Inspections are a key part of any commercial facility, and an important part of maintenance for many personal properties as well. It’s important to ensure that equipment, safety measures, and other important aspects of a structure are in adequate condition to continue to serve their intended purposes. Risk-based inspections are a useful form of evaluation that provide a property or facility owner with insight into the probability and consequences of failure associated with each piece of equipment.
Risk-based inspections are included in the category of business practices known as optimal maintenance, which are procedures designed to maintain systems in ways which maximize a company’s profits and minimize its costs. Risk-based inspections and other optimal maintenance procedures are useful in operating a business as efficiently as possible. Many procedures for risk-based inspection are based on the American Petroleum Institute’s recommended practices, and are performed via nondestructive testing.
A risk-based inspection usually involves 2 key components: a probability of failure analysis and a consequence of failure analysis. Each of these serves a unique role in developing a plan to maximize efficiency.
Probability of Failure (PoF) is the likelihood of a piece of equipment to break at a given time. This information can be important in determining the risk posed by the condition of the equipment and in deciding what inspection intervals to set in order to best monitor the condition of the equipment as time progresses. PoF is calculated using a generic failure frequency based on industry averages, a management system factor based on how well management and labor force are trained to handle both daily activities and emergency procedures, and the overall damage factor, which is the combination of all of the various damage possessed by the equipment at the time of evaluation.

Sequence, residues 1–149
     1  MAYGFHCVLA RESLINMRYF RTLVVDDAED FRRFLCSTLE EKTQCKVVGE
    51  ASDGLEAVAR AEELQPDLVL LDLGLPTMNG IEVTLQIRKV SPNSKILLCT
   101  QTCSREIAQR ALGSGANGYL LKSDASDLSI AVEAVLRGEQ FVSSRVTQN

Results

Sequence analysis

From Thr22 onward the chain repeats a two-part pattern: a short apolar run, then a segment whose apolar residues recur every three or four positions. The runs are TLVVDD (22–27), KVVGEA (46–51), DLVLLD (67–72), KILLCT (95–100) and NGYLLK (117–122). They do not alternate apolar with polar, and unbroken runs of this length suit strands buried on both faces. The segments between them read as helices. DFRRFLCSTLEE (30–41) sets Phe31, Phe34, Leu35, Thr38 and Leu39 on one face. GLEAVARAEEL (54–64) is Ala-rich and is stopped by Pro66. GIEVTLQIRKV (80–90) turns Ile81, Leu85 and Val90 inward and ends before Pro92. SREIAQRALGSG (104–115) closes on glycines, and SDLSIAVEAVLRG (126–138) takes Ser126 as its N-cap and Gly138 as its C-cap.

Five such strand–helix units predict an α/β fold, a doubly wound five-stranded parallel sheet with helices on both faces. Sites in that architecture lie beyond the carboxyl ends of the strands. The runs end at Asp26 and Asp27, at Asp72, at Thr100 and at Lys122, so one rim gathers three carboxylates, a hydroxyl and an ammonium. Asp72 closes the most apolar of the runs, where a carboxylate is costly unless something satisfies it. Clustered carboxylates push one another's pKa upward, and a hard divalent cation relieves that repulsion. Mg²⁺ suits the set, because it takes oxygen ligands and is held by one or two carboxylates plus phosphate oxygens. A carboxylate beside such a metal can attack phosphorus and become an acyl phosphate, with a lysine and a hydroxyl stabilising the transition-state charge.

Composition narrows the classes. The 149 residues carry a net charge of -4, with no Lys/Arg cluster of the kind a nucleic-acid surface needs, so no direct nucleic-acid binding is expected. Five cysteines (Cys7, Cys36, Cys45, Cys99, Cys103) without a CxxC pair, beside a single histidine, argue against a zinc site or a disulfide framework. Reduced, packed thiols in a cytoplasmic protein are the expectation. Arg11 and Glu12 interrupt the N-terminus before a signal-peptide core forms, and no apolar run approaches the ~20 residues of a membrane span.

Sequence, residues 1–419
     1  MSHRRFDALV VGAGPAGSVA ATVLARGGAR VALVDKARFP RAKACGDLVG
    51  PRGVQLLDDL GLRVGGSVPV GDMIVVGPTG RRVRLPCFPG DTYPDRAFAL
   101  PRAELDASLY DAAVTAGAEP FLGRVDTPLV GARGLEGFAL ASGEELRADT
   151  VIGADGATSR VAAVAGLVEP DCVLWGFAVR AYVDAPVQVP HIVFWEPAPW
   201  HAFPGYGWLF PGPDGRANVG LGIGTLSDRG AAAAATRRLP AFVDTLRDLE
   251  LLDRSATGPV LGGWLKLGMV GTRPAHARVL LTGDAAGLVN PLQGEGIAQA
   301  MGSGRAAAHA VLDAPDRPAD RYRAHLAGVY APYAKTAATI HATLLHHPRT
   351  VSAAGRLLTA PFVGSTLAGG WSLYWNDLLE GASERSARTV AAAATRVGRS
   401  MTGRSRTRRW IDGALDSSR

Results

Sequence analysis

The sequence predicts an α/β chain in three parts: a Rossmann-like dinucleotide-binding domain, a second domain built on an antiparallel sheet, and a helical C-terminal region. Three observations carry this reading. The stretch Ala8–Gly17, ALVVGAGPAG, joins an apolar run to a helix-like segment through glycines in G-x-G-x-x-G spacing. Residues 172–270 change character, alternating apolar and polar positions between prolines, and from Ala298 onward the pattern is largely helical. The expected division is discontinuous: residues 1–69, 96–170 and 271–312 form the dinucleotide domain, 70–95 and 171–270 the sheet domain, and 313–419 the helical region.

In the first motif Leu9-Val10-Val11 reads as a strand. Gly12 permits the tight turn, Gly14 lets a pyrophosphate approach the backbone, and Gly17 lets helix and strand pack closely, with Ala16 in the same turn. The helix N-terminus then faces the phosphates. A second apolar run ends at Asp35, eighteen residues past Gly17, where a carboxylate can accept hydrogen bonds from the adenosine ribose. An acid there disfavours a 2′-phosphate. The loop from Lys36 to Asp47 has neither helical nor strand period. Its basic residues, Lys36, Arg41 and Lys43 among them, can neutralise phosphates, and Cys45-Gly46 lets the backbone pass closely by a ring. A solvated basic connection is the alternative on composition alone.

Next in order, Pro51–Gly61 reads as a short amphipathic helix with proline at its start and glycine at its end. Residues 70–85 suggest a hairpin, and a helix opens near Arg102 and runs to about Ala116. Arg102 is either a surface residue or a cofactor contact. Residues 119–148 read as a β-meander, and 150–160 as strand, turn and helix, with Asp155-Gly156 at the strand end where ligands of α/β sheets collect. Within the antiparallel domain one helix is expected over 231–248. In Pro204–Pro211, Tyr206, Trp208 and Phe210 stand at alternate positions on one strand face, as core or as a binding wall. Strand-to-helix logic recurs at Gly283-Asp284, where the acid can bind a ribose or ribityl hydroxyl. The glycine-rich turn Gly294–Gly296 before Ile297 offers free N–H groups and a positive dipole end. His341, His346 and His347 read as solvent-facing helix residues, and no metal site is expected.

Consequence of Failure evaluations are another part of risk-based inspections, and give the critical aspect of determining the significance of damage that could potentially occur if a piece of equipment were to fail. The evaluation acknowledges all important possibilities, including potential safety hazards, economic damages, and environmental damages. This allows engineers to understand how dangerous a piece of equipment could be when nearing the end of its lifespan.
A major benefit of a risk-based inspection is that it categorizes each piece of equipment by its risks and risk drivers, and is able to better prioritize further inspections and safety measures. Knowing how and when equipment may fail allows employees and management to make safe and educated decisions about how to continue operating equipment at all times, but especially when equipment is approaching the end of its usable lifespan.
If you are in need of a risk-based inspection for your business’s assets, contact Keith Taylor, Director of Mechanical Integrity with Encorus Group, at (716) 592-3980 ext 143 or email@example.com.
Special thanks to our summer intern Mara Gilmartin for this article.